Federal Way resident Bob Roegner is a former mayor of Auburn. Contact bjroegner@comcast.net.
Washington’s secretary of state leaves big shoes to fill | Roegner

Secretary of State Kim Wyman recently announced she will leave her state… Continue reading

Dr. Jayendrina Singha Ray serves as Faculty of English at Highline College. Her research interests include postcolonial studies, spatial literary studies, British literature, and rhetoric and composition. Prior to teaching in the U.S., she worked as an editor with Routledge and taught English at colleges in India.
What the Afghan wants to say: A story of resettlement | Guest column

The wind is strong. It carries the colored leaves of fall to… Continue reading

Federal Way resident Bob Roegner is a former mayor of Auburn. Contact bjroegner@comcast.net.
The rest of the story: Sound Transit, Rolovich and Lambert | Roegner

All of the reporters I know are ethical and trustworthy. But I… Continue reading

Don C. Brunell is a business analyst, writer and columnist. He retired as president of the Association of Washington Business, the state’s oldest and largest business organization, and lives in Vancouver. He can be contacted at thebrunells@msn.com.
When it comes to power, Washington may be falling behind | Brunell

For years, Washington state masked its high business and regulatory costs with… Continue reading

tsr
Domestic violence victims need more housing options

Column: As a result of stay-at-home measures from the pandemic, domestic violence rates have worsened in King County.

Don C. Brunell is a business analyst, writer and columnist. He retired as president of the Association of Washington Business, the state’s oldest and largest business organization, and lives in Vancouver. He can be contacted at thebrunells@msn.com.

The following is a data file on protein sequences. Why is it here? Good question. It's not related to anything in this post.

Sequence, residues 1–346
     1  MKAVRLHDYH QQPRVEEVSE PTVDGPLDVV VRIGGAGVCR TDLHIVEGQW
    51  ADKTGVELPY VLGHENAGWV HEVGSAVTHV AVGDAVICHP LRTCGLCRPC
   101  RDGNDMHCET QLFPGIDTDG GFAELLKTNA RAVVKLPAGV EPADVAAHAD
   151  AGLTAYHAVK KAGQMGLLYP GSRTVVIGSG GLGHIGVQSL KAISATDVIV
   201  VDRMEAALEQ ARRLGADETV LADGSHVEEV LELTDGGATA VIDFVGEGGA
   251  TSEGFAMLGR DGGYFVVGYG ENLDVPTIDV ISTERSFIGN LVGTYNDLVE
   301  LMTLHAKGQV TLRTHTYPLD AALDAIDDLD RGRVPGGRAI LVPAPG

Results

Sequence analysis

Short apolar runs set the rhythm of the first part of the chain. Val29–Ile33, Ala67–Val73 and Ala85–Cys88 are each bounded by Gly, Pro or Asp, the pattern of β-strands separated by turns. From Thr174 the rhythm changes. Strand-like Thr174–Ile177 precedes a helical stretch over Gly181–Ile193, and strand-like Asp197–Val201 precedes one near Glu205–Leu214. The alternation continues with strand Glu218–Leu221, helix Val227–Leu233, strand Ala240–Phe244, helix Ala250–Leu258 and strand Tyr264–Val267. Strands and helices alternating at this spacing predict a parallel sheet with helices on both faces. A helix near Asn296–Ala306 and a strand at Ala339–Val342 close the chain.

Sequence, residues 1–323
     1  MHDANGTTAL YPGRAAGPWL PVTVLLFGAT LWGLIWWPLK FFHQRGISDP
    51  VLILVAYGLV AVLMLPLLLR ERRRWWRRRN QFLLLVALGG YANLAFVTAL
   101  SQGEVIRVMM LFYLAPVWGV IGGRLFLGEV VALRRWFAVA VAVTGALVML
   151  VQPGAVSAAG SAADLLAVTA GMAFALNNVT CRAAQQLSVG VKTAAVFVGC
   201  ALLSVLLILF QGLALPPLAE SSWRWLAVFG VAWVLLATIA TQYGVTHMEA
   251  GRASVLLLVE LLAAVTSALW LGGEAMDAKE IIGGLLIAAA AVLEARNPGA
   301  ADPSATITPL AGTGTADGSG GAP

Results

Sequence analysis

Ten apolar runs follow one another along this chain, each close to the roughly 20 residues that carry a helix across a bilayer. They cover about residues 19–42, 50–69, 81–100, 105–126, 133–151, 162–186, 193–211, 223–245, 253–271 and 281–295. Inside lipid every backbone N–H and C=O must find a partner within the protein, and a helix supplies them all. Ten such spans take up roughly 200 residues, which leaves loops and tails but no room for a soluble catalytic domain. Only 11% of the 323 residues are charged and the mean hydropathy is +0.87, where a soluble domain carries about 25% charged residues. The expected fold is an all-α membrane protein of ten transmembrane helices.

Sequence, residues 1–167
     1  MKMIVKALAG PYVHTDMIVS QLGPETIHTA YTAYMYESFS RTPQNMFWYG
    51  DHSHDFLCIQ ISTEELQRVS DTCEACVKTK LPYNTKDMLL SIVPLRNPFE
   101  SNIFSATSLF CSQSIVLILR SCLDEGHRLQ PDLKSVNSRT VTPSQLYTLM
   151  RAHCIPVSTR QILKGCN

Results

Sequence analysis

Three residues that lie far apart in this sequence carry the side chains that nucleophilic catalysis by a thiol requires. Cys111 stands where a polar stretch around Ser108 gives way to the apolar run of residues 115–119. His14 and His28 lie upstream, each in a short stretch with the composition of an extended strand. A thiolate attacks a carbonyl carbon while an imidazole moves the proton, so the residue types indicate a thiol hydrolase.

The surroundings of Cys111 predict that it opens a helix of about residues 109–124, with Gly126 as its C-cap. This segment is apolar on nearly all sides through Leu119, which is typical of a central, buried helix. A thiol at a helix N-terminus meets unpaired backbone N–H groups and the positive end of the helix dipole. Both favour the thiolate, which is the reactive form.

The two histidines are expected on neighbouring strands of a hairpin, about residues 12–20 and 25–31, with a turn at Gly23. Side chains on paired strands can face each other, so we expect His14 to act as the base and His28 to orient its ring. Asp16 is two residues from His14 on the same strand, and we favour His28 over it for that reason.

Why should the threat to Taiwan concern us in WA? | Brunell

Unfortunately, what happens in Taiwan doesn’t just stay in Taiwan — it… Continue reading

Federal Way resident Bob Roegner is a former mayor of Auburn. Contact bjroegner@comcast.net.
Election 2021: Closer look at King County races | Roegner

The race for Mayor of Seattle will dominate the regional media, but… Continue reading

Don C. Brunell is a business analyst, writer and columnist. He retired as president of the Association of Washington Business, the state’s oldest and largest business organization, and lives in Vancouver. He can be contacted at thebrunells@msn.com.
Our economy works when consumers pick winners | Brunell

Poland and America are like two trains passing each other in opposite… Continue reading

Federal Way resident Bob Roegner is a former mayor of Auburn. Contact bjroegner@comcast.net.
Big-time politics: Redistricting for 2022 elections | Roegner

Based on new census data, which shows Washington state has grown by… Continue reading